Digital Armageddon

Much has been written about Todd Defren’s template for a new generation of news releases, which he calls “social media press releases.” He reports 2500 downloads from his blog thus far.

I commend the folks at Shift Communications for marrying today’s digital tools to the staid old press release with the idea of giving it more legs than a “one-day stand” on a paid wire service. (Though I do wish they had called his new vehicle a “social media news release” in Defrence to the broadcast and online journalists on its receiving end.)

No matter how Web 2.0 (may I even use this term?) technology empowers the modern news release (ongepatshket?), the quality of the story and the language used to articulate it will continue to serve as the vital forces driving media pick-up and audience awareness. PR pros should not forsake these core competencies. Still, Todd’s template is important in its potential to minimize a common PR angst: the strong story that doesn’t find its audience (or vice-versa), e.g., “we built it, but they didn’t come.”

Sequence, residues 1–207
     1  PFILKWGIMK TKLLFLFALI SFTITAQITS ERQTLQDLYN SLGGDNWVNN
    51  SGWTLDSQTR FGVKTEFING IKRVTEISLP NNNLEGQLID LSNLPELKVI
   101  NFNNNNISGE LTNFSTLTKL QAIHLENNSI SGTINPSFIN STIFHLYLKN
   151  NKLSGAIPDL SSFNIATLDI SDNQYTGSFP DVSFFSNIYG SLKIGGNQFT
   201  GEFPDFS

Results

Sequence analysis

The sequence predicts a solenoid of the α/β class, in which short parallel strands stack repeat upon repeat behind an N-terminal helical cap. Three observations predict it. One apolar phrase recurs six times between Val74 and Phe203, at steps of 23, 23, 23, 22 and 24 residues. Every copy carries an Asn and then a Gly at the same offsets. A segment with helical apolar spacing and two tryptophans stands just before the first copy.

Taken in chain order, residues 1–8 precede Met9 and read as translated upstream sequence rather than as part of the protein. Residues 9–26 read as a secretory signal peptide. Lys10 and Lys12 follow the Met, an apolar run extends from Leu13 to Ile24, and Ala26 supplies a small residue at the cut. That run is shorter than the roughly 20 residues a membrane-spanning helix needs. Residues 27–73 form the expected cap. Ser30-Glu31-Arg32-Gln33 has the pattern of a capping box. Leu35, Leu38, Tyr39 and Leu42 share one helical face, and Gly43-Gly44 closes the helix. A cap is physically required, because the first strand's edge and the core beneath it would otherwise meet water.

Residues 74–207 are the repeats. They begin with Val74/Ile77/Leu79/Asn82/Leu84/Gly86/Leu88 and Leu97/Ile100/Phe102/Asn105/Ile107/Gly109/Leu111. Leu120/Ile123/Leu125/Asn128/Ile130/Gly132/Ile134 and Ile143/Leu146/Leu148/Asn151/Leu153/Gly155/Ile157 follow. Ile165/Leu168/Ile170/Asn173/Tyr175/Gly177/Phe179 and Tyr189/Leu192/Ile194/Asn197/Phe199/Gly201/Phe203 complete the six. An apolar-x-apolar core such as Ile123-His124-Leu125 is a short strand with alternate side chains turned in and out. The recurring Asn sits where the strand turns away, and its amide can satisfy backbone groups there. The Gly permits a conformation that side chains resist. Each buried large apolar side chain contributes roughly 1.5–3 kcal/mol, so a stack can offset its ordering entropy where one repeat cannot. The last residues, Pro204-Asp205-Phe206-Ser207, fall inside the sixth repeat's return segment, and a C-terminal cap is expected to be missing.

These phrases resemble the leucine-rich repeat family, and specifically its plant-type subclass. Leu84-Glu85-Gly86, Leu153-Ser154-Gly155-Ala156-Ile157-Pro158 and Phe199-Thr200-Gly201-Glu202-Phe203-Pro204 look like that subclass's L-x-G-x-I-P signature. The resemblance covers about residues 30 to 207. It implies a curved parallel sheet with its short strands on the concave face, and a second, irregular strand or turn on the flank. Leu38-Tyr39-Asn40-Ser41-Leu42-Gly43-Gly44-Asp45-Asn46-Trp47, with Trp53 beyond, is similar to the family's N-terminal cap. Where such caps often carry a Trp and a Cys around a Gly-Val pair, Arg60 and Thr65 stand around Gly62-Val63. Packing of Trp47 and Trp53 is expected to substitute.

On that note, we arrive at today’s candidate for the bad pitch blog (which also picked up on the social media press release). The do-good folks at Greenpeace mistakenly issued a draft release that took a page from Todd’s template. Apparently, a junior PR staffer left an opening in the release for some incendiary language about a proposed nuclear power plant, e.g., “[FILL IN ALARMIST AND ARMAGEDDONIST FACTOID HERE].”

A candidate for PR Watch’s “Spin of the Day?” Unlikely.